This article was written by Vivek Arulnathan. Vivek is a PhD student at the Food Systems PRISM Lab at University of British Columbia Okanagan. He currently focuses on developing a lifecycle-based, regionalised, online sustainability measurement and management platform for Canadian egg farmers called NEST- The National Environmental Sustainability Tool. Vivek’s larger goal is to see sustainability and sustainability assessment practices that prioritize the environment, society, and economics in that order.
Life Cycle Thinking is a systems-based, sustainability management approach that considers all the relevant interactions in the supply chain associated with a good, service, activity or entity. Life Cycle Thinking is about going beyond the traditional focus on specific sustainability issues associated with individual production sites and manufacturing processes to include environmental, social and economic impacts of a product over its entire life cycle. So what is a product’s life cycle?
What is Lifecycle Analysis
The life cycle of a product begins with raw material extraction and energy generation. These materials and energy are used in the production of goods that are subsequently transported, used, recycled, reused and/or disposed of.
According to UNEP, life cycle thinking helps “…recognize how our choices influence what happens at each of the life cycle stages so we can balance trade-offs and positively impact the economy, the environment, and society…” A life cycle approach identifies both opportunities for positive changes (opportunities) and negative impacts (risks) of a product, process or system. A Life Cycle Approach promotes informed selection among alternatives, awareness that our selections are not isolated, making choices for the long term, and improving entire systems and not just processes.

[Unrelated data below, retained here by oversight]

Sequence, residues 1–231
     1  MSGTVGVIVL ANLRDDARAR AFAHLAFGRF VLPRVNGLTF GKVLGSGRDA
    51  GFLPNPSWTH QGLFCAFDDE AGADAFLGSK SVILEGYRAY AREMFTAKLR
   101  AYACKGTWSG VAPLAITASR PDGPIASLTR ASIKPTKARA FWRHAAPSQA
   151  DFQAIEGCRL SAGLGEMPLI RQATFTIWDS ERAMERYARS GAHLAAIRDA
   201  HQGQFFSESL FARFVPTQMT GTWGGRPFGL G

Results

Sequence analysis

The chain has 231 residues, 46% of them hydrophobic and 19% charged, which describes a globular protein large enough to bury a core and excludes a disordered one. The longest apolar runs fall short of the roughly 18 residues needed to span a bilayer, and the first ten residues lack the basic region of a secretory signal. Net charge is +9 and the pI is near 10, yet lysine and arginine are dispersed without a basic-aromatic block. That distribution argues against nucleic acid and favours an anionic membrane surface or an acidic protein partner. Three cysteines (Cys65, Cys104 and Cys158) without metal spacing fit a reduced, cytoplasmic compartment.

Environmental Life Cycle Assessment (LCA), commonly referred to as LCA, is the most widely used methodology based on Life Cycle Thinking. LCA is the “compilation and evaluation of the inputs, outputs and the potential environmental impacts of a product system throughout its life cycle”. Simply put, it is a method to quantitatively assess the environmental impacts products and production systems from the “cradle” to the “grave”, and are primarily intended for comparative assessments.
The Four Phases of LCA
LCA has been standardised by the International Organization for Standardization in the ISO 14040:2006 and ISO 14044:2006 standards. Together they describe the principles, framework (see figure), requirements and guidelines for a LCA. LCAs are carried out in four phases. The first phase – Goal and scope definition – is where all the choices that shape the LCA are made, articulated and clearly justified.
The second phase – Inventory Analysis – is a technical, data-based process that results in ‘snapshot’ of all relevant input and output flows for a system. It is the phase where the system(s) being studied are defined and modelled.
The Impact Assessment is the third phase of a LCA and is used to understand and evaluate the magnitude and significance of potential environmental impacts of the product system being studied. The data from the inventory phase are processed and interpreted in terms of environmental impacts in this phase. Interpretation is the final phase of a LCA. The findings of the inventory and impact assessment phases are evaluated in relation to the defined goal and scope of the study in order to reach conclusions and recommendations.
Despite its aim to be a holistic assessment tool, the nature of LCA often necessitates simplification of some aspects of the systems considered. It is by no means a perfect framework and faces several challenges.